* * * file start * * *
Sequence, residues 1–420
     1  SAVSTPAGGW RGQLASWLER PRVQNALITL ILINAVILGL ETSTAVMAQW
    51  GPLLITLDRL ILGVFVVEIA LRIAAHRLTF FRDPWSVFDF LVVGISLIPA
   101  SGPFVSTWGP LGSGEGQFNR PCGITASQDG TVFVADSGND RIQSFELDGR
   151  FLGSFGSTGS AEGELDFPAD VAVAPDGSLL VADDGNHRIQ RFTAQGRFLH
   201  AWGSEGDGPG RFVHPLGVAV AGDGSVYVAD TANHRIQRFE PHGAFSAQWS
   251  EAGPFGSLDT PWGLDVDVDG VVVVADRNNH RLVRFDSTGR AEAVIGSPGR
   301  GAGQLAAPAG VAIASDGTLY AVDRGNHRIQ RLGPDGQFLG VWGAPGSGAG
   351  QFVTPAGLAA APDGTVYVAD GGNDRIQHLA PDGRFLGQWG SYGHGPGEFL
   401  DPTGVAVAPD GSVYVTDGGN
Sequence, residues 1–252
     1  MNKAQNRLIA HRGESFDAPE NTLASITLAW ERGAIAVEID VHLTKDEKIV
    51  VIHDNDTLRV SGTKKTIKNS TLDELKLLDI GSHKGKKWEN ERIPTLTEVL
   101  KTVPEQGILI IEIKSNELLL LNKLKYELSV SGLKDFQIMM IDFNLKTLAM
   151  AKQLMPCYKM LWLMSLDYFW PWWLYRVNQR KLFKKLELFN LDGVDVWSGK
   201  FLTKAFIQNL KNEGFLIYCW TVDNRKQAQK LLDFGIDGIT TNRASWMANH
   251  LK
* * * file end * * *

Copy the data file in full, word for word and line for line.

Sequence, residues 1–420
     1  SAVSTPAGGW RGQLASWLER PRVQNALITL ILINAVILGL ETSTAVMAQW
    51  GPLLITLDRL ILGVFVVEIA LRIAAHRLTF FRDPWSVFDF LVVGISLIPA
   101  SGPFVSTWGP LGSGEGQFNR PCGITASQDG TVFVADSGND RIQSFELDGR
   151  FLGSFGSTGS AEGELDFPAD VAVAPDGSLL VADDGNHRIQ RFTAQGRFLH
   201  AWGSEGDGPG RFVHPLGVAV AGDGSVYVAD TANHRIQRFE PHGAFSAQWS
   251  EAGPFGSLDT PWGLDVDVDG VVVVADRNNH RLVRFDSTGR AEAVIGSPGR
   301  GAGQLAAPAG VAIASDGTLY AVDRGNHRIQ RLGPDGQFLG VWGAPGSGAG
   351  QFVTPAGLAA APDGTVYVAD GGNDRIQHLA PDGRFLGQWG SYGHGPGEFL
   401  DPTGVAVAPD GSVYVTDGGN
Sequence, residues 1–252
     1  MNKAQNRLIA HRGESFDAPE NTLASITLAW ERGAIAVEID VHLTKDEKIV
    51  VIHDNDTLRV SGTKKTIKNS TLDELKLLDI GSHKGKKWEN ERIPTLTEVL
   101  KTVPEQGILI IEIKSNELLL LNKLKYELSV SGLKDFQIMM IDFNLKTLAM
   151  AKQLMPCYKM LWLMSLDYFW PWWLYRVNQR KLFKKLELFN LDGVDVWSGK
   201  FLTKAFIQNL KNEGFLIYCW TVDNRKQAQK LLDFGIDGIT TNRASWMANH
   251  LK